The Wilderness Act
The Wilderness Act
On September 3, 1964, President Lyndon Johnson signed the Wilderness Act. The act protected 9 million acres from development and created the National Wilderness Preservation System that consists of more than 111 million acres today.
There has long been a debate over the protection of wilderness areas. Wilderness is defined as “an area where the earth and community of life are untrammeled by man, where man himself is a visitor who does not remain.”
Some believed that it was important to protect these areas; that they are necessary to balance out industrial expansion. Those that oppose it argued that it was senseless to lock away the valuable resources that these lands held.
The fight reached a high in the 1950s when the federal government proposed building the Echo Park Dam in Dinosaur National Monument. Several environmental groups including the Wilderness Society and the Sierra Club opposed the development, arguing that the land should be protected to preserve its natural resources. By 1955, the government decided to abandon the project.
Among those who participated in the fight was Howard Zahniser, an officer in the Wilderness Society. After their victory, he proposed that they take further steps to protect more lands, by introducing legislation. He composed the first draft of his Wilderness Act in 1956. It would place all wildlands and unspoiled areas (without roads or accommodations) into a wilderness system. This system would protect those lands from development and set up a system to add in lands from national parks, monuments, and other federally protected lands.
That same year, Hubert H. Humphrey and John Saylor submitted Zahniser’s bill. It faced significant opposition, particularly from people involved in the western mining, grazing, and timber industries. Over the next eight years, the bill was rewritten 66 times. Finally, in 1964, President Lyndon B. Johnson openly expressed his support for the bill, which led to several compromises that helped it to pass Congress. President Johnson then signed it into law on September 3, 1964.
The final Wilderness Act set aside far less land than Zahniser had originally imagined, some exceptions were made for usage, and Congress had to pass an act to add more land to the Wilderness System. While they had scored a major victory in getting the bill passed, some environmentalists were disappointed at the number of compromises that had been made.
Today, the National Wilderness Preservation System consists of over 800 designated wilderness areas, consisting of over 111 million acres. The National Park Service, the US Forest Service, the US Fish, and Wildlife Service, and the Bureau of Land Management manage these lands.
Click here to read the Wilderness Act and here to visit the Wilderness Society’s website.
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8 responses to "The Wilderness Act"
8 thoughts on “The Wilderness Act”
Good article Mystic. Touches on the struggle we face with protecting the natural beauty of our great nation for present and future generations to enjoy against the greed of some (not all) well financed big corporations. Some (not all) politicians cannot resist taking money from these corporations who contribute to their campaigns in exchange for voting favorably on legislation that impacts their bottom line. And some administrations have been known to underfund the agencies that oversee the National Wilderness Preservation System.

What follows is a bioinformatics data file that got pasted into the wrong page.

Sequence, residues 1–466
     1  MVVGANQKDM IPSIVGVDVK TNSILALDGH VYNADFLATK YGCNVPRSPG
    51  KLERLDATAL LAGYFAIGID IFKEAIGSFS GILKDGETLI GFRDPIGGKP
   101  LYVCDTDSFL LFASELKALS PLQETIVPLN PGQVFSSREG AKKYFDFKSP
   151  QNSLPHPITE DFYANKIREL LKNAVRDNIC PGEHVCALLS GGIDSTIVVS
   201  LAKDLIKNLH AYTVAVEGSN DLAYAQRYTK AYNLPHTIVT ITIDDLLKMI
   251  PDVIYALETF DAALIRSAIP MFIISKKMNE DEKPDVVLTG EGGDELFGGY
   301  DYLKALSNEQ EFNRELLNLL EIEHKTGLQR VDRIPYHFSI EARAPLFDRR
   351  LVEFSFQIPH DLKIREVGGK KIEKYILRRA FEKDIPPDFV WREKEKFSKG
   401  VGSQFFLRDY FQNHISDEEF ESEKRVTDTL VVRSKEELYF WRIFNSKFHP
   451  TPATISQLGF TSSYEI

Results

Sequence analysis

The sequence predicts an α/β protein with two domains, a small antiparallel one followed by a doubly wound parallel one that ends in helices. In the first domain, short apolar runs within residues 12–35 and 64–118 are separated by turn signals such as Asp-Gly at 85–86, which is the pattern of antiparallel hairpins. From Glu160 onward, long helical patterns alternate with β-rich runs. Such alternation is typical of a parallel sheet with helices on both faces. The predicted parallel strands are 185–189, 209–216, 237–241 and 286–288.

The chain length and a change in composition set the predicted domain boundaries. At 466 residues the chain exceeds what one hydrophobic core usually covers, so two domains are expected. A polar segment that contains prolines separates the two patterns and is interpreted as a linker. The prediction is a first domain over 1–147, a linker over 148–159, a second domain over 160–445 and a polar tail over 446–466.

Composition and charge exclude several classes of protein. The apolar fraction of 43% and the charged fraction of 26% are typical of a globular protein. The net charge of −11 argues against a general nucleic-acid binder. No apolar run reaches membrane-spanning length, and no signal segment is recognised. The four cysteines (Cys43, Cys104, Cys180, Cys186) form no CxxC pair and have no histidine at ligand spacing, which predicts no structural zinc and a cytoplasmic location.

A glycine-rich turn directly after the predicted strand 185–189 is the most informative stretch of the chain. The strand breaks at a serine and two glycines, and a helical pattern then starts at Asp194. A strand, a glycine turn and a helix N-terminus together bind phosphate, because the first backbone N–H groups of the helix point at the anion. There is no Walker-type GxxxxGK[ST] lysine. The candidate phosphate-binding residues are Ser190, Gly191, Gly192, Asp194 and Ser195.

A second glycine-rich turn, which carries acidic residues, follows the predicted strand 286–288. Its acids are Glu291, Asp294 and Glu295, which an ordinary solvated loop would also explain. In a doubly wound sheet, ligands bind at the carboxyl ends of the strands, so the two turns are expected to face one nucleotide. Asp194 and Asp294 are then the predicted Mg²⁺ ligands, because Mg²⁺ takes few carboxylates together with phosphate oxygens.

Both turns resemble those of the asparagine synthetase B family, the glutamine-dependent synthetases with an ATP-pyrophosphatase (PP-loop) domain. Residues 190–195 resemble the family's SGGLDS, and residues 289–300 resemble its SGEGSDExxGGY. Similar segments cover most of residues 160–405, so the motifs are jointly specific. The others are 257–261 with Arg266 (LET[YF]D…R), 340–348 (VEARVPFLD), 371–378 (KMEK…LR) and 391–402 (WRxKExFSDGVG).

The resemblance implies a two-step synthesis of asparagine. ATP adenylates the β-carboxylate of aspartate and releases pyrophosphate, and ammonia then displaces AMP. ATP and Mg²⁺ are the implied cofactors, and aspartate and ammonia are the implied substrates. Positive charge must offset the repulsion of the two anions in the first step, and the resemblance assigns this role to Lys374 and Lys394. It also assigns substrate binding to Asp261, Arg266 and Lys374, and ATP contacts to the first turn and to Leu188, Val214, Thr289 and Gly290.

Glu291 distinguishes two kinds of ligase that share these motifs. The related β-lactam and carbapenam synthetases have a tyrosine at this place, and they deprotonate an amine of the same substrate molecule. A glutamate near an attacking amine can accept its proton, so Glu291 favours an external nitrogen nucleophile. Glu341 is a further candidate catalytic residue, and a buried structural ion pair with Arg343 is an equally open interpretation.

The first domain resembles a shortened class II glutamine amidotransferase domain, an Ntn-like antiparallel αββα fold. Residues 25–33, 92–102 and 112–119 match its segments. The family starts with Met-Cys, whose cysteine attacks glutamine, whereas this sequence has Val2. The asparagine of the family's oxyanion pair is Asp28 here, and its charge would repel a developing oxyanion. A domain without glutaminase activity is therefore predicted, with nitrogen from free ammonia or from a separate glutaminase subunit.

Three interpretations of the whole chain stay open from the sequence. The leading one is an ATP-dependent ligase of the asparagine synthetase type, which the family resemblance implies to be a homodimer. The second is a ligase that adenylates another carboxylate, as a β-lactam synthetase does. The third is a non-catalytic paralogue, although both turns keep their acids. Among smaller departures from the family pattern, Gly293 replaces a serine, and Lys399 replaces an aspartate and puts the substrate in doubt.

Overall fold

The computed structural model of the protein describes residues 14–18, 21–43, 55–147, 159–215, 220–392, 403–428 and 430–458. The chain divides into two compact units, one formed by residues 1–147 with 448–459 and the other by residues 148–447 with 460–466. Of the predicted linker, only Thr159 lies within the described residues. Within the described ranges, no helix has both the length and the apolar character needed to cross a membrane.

Fair enough, Bond. Just remember, one can say the following and still be every bit as correct as you were in your words, and have the same convictions in their beliefs. ” Good article Mystic. Touches on the struggle we face with protecting the future livelihoods of our great nation for present and future generations to enjoy against the greed of some (not all) well financed environmental groups. Some (not all) politicians cannot resist taking money from these organizations who contribute to their campaigns in exchange for voting favorably on legislation that impacts their bottom line. And some administrations have been known to overfund the agencies that oversee the National Wilderness Preservation System.
Thanks to Mystic for the informative article and to the first two comments that made me laugh!
More appropriate topic would be 80th anniversary of world War 2. A major world event in 1939.
We should be grateful that LBJ was one of our presidents who understood the value of a compromise. No one gets everything, but everyone gets something. I’m afraid that today, both sides would have dug in and neither would have gotten what was best for all. Another lesson to be learned thanks to Mystic.
All of the above persons are correct in there comments, it just goes to show that there are difference in opinions ,I for one am a vet so I go with Brian
I have commented on articles about National Parks several times by quoting author Wallace Stegner, “National Parks are the best idea America had.” I’m going to expand that by saying that creating National Parks and setting aside Wilderness Areas are the two best ideas America ever had. I have visited several Wilderness Areas here in California where you can hike, camp, fish, hunt, take photographs, and simply enjoy nature. But no structures can be build nor roads built. Motorized vehicles and even bicycles are prohibited on the trails. As Theodore once commented about the Grand Canyon, (this may be a paraphrase) “Leave it as it is. Man cannot improve it.”
That’s Theodore Roosevelt.